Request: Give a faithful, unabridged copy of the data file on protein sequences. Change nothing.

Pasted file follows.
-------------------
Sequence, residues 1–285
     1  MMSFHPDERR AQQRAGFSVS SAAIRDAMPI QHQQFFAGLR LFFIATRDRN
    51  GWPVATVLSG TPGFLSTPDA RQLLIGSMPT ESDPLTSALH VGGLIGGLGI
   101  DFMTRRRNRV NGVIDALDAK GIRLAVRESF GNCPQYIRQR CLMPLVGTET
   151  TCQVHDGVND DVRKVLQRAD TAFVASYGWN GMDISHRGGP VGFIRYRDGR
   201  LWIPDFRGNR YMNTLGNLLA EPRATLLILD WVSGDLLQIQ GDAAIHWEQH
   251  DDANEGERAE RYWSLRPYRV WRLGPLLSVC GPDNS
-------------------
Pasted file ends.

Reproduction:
Sequence, residues 1–285
     1  MMSFHPDERR AQQRAGFSVS SAAIRDAMPI QHQQFFAGLR LFFIATRDRN
    51  GWPVATVLSG TPGFLSTPDA RQLLIGSMPT ESDPLTSALH VGGLIGGLGI
   101  DFMTRRRNRV NGVIDALDAK GIRLAVRESF GNCPQYIRQR CLMPLVGTET
   151  TCQVHDGVND DVRKVLQRAD TAFVASYGWN GMDISHRGGP VGFIRYRDGR
   201  LWIPDFRGNR YMNTLGNLLA EPRATLLILD WVSGDLLQIQ GDAAIHWEQH
   251  DDANEGERAE RYWSLRPYRV WRLGPLLSVC GPDNS